Build-to-rent (BTR) is an emerging trend in the UK housing market. Inspired by what’s available in large parts of Europe and North America, build-to-rent has emerged in response to soaring demand for quality rental housing. With new developments reflecting the changing needs and priorities of modern renters. Some consider them the future, while others have reservations. To help you decide if you should live in one, we take a look at the B2R scene.
What is B2R?
Build-to-rent is pretty much what it says on the tin – homes built for renting rather than for sale. A build to rent development consists of clusters of at least 50 homes (usually apartments) designed and purpose-built to let to private tenants.
Blocks of BTR apartments are typically funded by financial institutions who see them as a long-term investment – they earn rent from tenants over many years as the return on their investment.
BTR blocks may well have a ‘brand name’ and be of a higher standard than most other privately-let properties, which tend to be converted houses that are owned and managed by individual landlords.
As of January 2020, there are 40,200 BTR apartments across the UK, with just over 35,000 under construction and 75,500 others planned – that sounds a lot but there are five million households privately renting, so BTR remains a very small part of the rental sector…for the moment.
What’s the appeal of B2R?
What makes build-to-rent different is the focus on service, with build-to-rent developments offering professional on-site management and amenities including on access to free broadband, on site gyms and fitness centres. Some even have swimming pools and cinemas.
A lot of them will have big communal spaces like games rooms, bars, or lounges. Most also include concierge services so it’s more like living in a modern hotel with a private suite, or a posh university dorm. No need to worry where your Amazon parcel went or where to go for help if you’ve got noisy neighbours!
As well as being a decent place to call home, most build to rent properties are designed to create a community feeling. And many will run events or activities for the building which can be a great way to make new friends if you’re new to an area or just looking to meet some like-minded people.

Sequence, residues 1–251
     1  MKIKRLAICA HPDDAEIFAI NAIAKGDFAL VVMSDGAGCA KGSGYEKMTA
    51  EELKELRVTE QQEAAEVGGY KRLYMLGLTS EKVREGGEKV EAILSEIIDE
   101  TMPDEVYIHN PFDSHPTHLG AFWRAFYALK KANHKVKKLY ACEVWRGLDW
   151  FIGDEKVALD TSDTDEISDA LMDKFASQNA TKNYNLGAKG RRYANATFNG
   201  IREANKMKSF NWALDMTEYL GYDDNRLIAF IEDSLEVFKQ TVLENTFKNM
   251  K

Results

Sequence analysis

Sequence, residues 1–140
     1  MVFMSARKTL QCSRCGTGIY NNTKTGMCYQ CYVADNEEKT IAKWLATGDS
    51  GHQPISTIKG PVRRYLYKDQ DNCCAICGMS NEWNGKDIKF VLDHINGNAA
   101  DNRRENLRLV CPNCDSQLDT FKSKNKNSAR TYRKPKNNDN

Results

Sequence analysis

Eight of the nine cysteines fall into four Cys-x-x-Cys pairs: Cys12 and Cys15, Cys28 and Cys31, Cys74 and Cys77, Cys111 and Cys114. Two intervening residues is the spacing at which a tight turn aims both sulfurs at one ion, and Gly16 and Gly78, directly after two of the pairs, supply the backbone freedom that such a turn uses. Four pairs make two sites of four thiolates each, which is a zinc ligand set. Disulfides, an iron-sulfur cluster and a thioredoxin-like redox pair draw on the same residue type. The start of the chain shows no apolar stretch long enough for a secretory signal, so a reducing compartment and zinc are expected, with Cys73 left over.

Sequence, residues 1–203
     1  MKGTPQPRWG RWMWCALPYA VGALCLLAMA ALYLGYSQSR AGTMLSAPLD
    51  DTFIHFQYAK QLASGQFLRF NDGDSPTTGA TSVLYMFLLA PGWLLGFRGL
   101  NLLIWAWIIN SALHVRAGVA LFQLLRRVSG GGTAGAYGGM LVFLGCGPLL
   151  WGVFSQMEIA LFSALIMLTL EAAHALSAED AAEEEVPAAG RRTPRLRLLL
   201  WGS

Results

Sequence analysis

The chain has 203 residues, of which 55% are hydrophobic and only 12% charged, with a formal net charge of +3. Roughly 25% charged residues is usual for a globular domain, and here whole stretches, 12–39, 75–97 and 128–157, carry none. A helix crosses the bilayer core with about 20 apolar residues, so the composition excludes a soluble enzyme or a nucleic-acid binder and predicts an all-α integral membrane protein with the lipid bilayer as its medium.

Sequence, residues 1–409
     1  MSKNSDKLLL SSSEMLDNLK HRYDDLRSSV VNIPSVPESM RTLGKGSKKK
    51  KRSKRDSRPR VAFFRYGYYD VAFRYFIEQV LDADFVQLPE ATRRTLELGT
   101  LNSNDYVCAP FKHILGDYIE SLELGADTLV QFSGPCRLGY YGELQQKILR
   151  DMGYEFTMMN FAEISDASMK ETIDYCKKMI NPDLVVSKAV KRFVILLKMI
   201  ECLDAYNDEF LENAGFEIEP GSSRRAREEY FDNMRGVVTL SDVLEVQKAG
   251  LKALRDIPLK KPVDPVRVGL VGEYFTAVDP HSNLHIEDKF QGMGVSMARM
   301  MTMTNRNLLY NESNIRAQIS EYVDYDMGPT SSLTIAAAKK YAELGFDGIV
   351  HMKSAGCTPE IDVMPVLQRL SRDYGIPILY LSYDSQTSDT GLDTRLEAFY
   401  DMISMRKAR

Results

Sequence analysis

Unlike a lot of traditional private rentals, build to rent housing is ultra-modern and up to date - so tend to be eco-friendly, energy efficient and include mod cons like underfloor heating which would cost a fortune to install even if you owned a house!
What are the downsides?
Although build to rent developments are excellent value for money, they’re not always the most affordable. They are usually within the upper price range ‘per square foot’ for rental properties wherever they are built. But, this isn’t surprising given the high quality of the apartments and services, and bear in mind the rent usually covers all bills.
Another aspect to consider is build to rent tenancies tend to be for longer periods - typically for 3 years or more. So if you’re looking to move regularly this could be restrictive.
Where can I find a B2R property/apartment?
There are no specific build to rent portals - they tend to be mixed in with other types of rental property on portals when you’re looking for a rental property. But, one usual giveaway is ‘utilities included in rent’.
Another way to track them down is to look out for the main players in this market who operate the developments. There are two types, roughly speaking.
These are either ‘co-living’ developments, where the apartments can be quite small but there are loads of shared social areas including lounges and dining areas. Or, they can be more traditional developments where tenants have larger apartments and fewer shared amenities.
At Canopy our build to current partners include Get Living, Moda and Rettie.
Is Build to Rent the future for renting?
The government says it wants many more Build to Rent developments for three reasons.
1. Firstly, they are usually high quality in their own right;
2. Secondly, they help drive up the standards of older individual rental properties nearby which have to compete for tenants.
3. Third, the higher standards and communal facilities of Build to Rent developments will be more suitable to older renters – and this demographic is likely to grow.
The Centre for Housing Policy at York University estimates that by 2040 up to one-third of 60-year-olds will rent privately. This is in addition to around 40% of under 35s who will rent privately. So build to rent properties are likely to increase and there’s probably one near you or one coming soon!